Admittedly, I'm not a fantasy lover nor am I a fan of science fiction. In 1999, I learned that even though some of this middle grades novel are fantastical, it falls into the science fiction genre because much of the book is based on scientific fact. Or so I'm told. I have never had the desire to delve more deeply into the science behind the story.

The story has elements that I like. An insecure older sister with a close relationship to her child prodigy younger brother, a loving yet quirky mom. A first boy-girl relationship. I really, really wanted to like this book the second time around. I can see the appeal to others, but it just held no appeal to me.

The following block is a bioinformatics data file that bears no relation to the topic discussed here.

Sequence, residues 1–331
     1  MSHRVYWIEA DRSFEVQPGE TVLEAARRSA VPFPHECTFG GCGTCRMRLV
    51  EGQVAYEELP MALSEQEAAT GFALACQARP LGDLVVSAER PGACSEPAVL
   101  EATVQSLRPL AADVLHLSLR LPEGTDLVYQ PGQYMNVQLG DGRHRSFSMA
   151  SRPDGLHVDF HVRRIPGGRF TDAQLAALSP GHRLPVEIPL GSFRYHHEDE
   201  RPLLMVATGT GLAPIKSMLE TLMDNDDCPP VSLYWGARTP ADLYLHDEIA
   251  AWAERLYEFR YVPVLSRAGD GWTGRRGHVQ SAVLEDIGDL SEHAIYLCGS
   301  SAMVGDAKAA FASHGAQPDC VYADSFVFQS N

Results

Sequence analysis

As a fifth grade teacher, I wondered if this book was appropriate for my students. And years later, I still wonder the same thing. I found the language more difficult than most of my students would have been able to comprehend. Yet many of the fans of this novel are 4th to 6th graders. Even as an adult, there were some religious references that I don't quite understand.

It really wasn't until I read the introduction by Anna Quindlen titled An Appreciation of Madeline L'Engle that I fully understood the contrast between the real world and the dystopian society on the planet Camazotz. I think I didn't get that earlier because the stuff that I don't like about fantasy and science distracted me from that aspect.

I am, however, looking forward to the movie due to come out sometime in 2018. The trailer seems intriguing. Perhaps that's an adaptation of the story that I can like.

Thursday, July 6, 2017